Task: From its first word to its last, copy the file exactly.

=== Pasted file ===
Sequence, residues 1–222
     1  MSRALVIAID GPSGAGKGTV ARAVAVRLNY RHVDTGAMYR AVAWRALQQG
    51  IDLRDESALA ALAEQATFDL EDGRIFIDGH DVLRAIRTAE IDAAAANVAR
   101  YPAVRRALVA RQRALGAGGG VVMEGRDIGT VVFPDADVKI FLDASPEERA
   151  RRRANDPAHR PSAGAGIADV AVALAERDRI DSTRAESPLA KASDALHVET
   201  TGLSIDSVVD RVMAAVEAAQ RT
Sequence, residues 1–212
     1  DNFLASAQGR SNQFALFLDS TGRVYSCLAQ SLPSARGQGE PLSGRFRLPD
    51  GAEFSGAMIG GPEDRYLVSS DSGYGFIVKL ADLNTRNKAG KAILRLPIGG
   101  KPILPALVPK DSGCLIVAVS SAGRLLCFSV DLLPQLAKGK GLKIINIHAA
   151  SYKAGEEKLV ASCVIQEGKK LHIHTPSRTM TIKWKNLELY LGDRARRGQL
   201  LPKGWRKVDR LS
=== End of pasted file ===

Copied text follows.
Sequence, residues 1–222
     1  MSRALVIAID GPSGAGKGTV ARAVAVRLNY RHVDTGAMYR AVAWRALQQG
    51  IDLRDESALA ALAEQATFDL EDGRIFIDGH DVLRAIRTAE IDAAAANVAR
   101  YPAVRRALVA RQRALGAGGG VVMEGRDIGT VVFPDADVKI FLDASPEERA
   151  RRRANDPAHR PSAGAGIADV AVALAERDRI DSTRAESPLA KASDALHVET
   201  TGLSIDSVVD RVMAAVEAAQ RT
Sequence, residues 1–212
     1  DNFLASAQGR SNQFALFLDS TGRVYSCLAQ SLPSARGQGE PLSGRFRLPD
    51  GAEFSGAMIG GPEDRYLVSS DSGYGFIVKL ADLNTRNKAG KAILRLPIGG
   101  KPILPALVPK DSGCLIVAVS SAGRLLCFSV DLLPQLAKGK GLKIINIHAA
   151  SYKAGEEKLV ASCVIQEGKK LHIHTPSRTM TIKWKNLELY LGDRARRGQL
   201  LPKGWRKVDR LS